Thiamin, riboflavin, niacin, biotin, B6, folate and B12 are often referred to as the B complex. But understanding these vitamins doesn’t have to be complex at all. These water-soluble vitamins are chemically very different from one another, though they are found in foods together. As a team, B vitamins work to support a healthy metabolism, nervous and immune systems and red blood cell formation.* That’s reason enough to ensure you’re getting them in your diet every day. But are you?
For plant-based eaters, it’s hard to get B vitamins on a vegan diet. They’re not alone. Many struggle to get sufficient B vitamins, especially folate and B12. However, these nutrients are essential for many several body functions. So, here’s the million-dollar question:
How to get more B vitamins in your diet?
1. Eat whole foods.
If that sounds incredibly simple, well, it is. When you eat white rice, white bread or white pasta, you’re eating a food that has been stripped of most B vitamin content. So if you love rice and beans or eat sushi twice a week, opt for brown rice. If you’re eating bread, choose whole grain bread. A good rule of thumb is to focus on whole foods that are as close to their original state as possible.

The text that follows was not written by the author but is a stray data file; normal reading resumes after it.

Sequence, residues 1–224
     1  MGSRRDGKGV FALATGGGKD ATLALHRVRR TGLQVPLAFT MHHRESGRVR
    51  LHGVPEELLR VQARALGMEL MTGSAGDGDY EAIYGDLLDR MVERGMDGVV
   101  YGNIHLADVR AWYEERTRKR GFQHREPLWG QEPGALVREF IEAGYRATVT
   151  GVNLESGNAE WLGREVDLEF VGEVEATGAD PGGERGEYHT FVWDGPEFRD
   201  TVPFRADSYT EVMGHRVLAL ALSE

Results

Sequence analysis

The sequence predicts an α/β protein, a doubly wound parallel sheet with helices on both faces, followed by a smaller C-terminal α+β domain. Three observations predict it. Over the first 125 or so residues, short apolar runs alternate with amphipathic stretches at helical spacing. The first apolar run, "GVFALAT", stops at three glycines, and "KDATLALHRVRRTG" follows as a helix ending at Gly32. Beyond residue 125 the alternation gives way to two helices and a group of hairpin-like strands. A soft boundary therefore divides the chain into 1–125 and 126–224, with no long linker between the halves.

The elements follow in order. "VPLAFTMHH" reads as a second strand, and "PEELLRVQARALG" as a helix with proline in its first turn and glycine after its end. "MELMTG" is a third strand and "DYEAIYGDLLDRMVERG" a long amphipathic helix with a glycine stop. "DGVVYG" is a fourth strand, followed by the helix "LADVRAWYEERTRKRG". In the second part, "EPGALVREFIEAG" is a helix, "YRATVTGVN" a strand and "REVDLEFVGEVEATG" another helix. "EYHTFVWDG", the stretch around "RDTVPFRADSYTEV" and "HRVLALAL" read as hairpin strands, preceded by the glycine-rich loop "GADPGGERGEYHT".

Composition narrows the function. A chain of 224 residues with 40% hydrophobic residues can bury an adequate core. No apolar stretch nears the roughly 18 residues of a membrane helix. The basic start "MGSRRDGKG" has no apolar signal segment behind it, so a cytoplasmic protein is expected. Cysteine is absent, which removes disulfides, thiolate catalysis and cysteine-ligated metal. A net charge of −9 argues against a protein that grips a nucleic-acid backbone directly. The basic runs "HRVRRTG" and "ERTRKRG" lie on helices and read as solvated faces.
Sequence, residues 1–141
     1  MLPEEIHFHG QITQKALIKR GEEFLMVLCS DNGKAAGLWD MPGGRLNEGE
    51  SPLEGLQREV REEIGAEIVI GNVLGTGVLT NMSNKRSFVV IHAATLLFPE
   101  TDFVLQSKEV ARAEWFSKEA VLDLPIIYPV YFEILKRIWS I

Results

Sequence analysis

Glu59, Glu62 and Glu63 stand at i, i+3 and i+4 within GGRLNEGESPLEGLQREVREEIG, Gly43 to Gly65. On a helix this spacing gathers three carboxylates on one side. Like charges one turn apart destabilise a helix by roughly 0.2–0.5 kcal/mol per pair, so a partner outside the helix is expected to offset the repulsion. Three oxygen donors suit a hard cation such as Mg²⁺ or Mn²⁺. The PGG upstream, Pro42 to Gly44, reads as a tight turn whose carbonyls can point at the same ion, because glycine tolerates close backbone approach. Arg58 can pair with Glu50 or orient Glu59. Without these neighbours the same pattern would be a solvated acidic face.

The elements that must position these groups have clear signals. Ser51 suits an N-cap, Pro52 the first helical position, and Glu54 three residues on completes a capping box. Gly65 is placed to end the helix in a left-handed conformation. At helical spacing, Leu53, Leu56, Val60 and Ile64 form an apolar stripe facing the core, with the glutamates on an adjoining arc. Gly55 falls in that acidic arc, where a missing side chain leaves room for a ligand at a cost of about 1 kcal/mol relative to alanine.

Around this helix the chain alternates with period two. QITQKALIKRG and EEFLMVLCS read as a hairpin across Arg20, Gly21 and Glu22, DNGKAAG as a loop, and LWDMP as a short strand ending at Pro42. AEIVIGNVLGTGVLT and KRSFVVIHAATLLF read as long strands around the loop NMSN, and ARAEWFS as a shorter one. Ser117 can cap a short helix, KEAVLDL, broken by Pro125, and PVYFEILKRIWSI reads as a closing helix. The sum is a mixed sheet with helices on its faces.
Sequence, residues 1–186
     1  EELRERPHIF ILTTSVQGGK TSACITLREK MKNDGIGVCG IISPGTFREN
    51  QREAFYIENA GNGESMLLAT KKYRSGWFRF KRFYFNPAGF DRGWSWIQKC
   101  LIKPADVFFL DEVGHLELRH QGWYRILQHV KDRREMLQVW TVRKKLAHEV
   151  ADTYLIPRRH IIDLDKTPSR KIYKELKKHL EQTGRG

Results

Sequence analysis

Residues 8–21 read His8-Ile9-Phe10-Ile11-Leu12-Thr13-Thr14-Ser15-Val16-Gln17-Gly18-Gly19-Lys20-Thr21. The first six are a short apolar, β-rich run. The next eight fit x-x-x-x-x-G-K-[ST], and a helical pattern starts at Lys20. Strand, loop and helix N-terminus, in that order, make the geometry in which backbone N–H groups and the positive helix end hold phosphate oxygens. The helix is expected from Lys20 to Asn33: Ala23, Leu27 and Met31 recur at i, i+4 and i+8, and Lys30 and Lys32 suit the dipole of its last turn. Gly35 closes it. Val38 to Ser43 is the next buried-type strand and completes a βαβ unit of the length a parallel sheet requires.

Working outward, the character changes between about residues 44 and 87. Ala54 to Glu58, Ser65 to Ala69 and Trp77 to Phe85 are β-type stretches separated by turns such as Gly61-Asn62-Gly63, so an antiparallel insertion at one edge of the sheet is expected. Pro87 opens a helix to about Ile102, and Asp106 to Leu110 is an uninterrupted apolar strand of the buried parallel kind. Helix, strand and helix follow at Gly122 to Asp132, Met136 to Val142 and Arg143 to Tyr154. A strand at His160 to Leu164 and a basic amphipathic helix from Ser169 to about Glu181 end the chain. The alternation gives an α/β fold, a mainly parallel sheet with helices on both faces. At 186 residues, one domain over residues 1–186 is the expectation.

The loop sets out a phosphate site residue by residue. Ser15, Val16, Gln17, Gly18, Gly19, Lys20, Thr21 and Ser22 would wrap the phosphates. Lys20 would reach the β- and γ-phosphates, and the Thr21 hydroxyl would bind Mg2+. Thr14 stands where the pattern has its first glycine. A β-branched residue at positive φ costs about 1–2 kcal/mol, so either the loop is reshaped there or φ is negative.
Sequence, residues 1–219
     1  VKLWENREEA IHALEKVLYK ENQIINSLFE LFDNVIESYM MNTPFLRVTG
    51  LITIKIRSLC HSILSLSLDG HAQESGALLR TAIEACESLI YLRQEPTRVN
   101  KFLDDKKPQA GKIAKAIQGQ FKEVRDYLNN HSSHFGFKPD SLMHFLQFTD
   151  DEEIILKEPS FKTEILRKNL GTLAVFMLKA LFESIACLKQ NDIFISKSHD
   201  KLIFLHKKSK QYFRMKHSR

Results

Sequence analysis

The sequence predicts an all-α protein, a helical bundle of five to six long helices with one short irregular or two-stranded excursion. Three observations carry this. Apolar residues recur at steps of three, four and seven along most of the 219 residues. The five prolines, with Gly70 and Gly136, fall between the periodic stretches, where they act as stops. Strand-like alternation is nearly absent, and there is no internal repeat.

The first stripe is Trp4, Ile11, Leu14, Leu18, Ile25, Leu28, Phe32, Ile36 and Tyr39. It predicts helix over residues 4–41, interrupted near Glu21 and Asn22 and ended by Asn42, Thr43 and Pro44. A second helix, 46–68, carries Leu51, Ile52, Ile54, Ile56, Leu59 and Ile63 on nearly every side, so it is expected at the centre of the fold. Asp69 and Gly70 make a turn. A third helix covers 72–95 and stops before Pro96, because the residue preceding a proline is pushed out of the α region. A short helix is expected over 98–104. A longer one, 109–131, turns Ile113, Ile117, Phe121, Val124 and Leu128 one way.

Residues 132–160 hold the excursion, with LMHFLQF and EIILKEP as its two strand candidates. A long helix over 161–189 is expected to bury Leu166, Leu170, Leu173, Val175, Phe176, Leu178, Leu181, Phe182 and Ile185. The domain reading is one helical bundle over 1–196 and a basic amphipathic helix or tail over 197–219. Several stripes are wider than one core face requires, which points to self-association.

2. B(e) specific.
Regularly include foods in your diet that naturally provide B vitamins. Believe it or not, beef liver is a good source of B vitamins. If that’s not on your favorites list, try spinach and other dark green leafy vegetables. Other sources include lentils, black beans, salmon, sardines, cheese and whole eggs. These are foods that are easy to incorporate into your everyday, if not every meal.
3. Supplement when needed.
Despite your best efforts, you still may not be eating enough of the right foods to get all essential B vitamins. Recent data from the Center for Disease Control (CDC) demonstrated that 18 million Americans are deficient in Vitamin B12 and 30 million are deficient in Vitamin B6. In light of these prevalent deficiencies, it’s a wise choice to supplement with a whole-food-based B complex. Look for a formula that contains a balanced ratio of B vitamins, similar to what is found in nature.
*These statements have not been evaluated by the Food and Drug Administration. These products are not intended to diagnose, treat, cure or prevent any disease.